Evaluating immersive technology in medical education

At the beginning of my fellowship...

My main objectives were to start and then aim to complete a comprehensive toolkit that would guide the development and implementation of immersive technologies in healthcare education and training.

During my fellowship...

My knowledge and skills within digital health have developed immensely over the last year. I am currently a digital innovation representative at Moorfields which has enabled me to design and implement changes during the COVID-19 pandemic. In particular, I have helped evaluate the effectiveness and safety profile of A&E teleconsultation triage compared to face-to-face triage, which should be published soon. I have also had the opportunity to provide lectures on extended reality technologies at a range of places including the UCL masterclass series, an HEE thought leadership event and the ASPiH national simulation event. I have also been able to publish my narrative review on the role of extended reality technologies in healthcare, in addition to papers on EPR usability and teleconsultations. A significant part of my toolkit has been completed and is currently undergoing real-world testing and I look forward to completing it in the year following my fellowship. It will hopefully form part of a future NHS white paper looking at the role of extended reality technologies in the NHS, which is likely to be increasingly important in the post-pandemic era.

In this video Abison Logeswaran discusses his experience from his time as a Topol Fellow during which he evaluated immersive technology in medical education.

Lessons learned:

  1. Protected time is critical. In the field of innovation, the phrase contextual ambidexterity is inherent in successful businesses. This enables the current practice to continue while enabling innovation for the future to flourish. The time that the Topol fellowship has afforded me has enabled me to explore my areas of passion, meet people from all walks of life and deliver tangible products which would not have been possible otherwise.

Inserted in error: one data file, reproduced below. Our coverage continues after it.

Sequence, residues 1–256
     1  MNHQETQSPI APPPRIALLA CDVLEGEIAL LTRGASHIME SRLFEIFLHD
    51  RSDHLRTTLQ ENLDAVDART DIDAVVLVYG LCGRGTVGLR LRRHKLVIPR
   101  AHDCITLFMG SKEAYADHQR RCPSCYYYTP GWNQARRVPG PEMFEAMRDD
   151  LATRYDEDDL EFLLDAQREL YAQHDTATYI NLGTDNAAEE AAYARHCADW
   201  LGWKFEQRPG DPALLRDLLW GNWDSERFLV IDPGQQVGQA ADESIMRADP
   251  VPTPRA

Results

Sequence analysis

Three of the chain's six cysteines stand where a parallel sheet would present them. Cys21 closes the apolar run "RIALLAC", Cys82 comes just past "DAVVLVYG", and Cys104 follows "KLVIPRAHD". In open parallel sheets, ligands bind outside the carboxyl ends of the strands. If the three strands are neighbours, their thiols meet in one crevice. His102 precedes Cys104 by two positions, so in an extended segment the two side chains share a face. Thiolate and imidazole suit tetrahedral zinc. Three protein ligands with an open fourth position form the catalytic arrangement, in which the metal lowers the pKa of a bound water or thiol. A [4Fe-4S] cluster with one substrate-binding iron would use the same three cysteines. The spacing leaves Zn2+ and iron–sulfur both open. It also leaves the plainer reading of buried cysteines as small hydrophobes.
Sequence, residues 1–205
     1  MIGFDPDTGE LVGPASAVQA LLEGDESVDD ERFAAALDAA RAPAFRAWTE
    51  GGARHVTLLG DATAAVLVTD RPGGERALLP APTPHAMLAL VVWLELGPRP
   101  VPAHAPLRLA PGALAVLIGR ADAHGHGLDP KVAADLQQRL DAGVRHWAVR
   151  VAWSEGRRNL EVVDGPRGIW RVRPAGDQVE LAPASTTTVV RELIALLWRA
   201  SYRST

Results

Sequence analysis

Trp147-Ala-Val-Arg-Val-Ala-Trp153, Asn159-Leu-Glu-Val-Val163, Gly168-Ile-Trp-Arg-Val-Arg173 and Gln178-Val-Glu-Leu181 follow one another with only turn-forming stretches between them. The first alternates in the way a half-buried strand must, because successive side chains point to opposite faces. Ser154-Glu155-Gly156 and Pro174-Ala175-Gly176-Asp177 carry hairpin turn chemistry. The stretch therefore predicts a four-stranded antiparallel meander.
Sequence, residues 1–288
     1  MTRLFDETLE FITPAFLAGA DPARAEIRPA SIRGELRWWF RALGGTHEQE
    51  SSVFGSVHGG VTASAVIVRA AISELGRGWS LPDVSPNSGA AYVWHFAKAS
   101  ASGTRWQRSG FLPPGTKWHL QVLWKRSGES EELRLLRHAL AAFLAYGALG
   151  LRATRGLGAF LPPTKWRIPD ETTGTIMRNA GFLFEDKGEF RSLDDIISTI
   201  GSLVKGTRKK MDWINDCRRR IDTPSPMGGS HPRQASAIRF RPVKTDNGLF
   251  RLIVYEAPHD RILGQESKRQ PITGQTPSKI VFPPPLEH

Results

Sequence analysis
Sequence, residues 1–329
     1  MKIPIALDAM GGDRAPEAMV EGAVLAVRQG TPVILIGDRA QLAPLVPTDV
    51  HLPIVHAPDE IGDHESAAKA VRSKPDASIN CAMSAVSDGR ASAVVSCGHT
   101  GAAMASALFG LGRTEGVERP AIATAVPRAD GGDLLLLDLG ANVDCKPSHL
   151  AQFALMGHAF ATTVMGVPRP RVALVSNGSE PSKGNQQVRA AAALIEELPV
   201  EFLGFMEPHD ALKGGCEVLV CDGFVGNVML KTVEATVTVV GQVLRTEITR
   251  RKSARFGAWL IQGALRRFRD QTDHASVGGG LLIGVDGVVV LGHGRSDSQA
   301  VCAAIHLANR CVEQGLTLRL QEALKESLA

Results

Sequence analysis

2. Networks. I have never spent more time talking and learning from people than I have during my fellowship. The vastness of knowledge and expertise in the field only becomes apparent from discussions. Every encounter is a potential learning opportunity. Every meeting is an opportunity to make life-long friends. Every discussion is a potential solution to a future problem. The single most important take-home from this fellowship is the importance of genuine discussion and sharing your passion for what you do.
  3. Self-development. For many of us working in vocational professions, we are often told what to do, when to do it and where to do it. Having the luxury to manage my time, organise my schedules and achieve ambitious objectives were concepts slightly foreign to me. What became apparent was the importance of self-growth every day. This could range from learning a new fact, to completion of a lecture or to completion of a publication. The most important thing was to ensure that I was learning something new every day and contributing to my ultimate objective.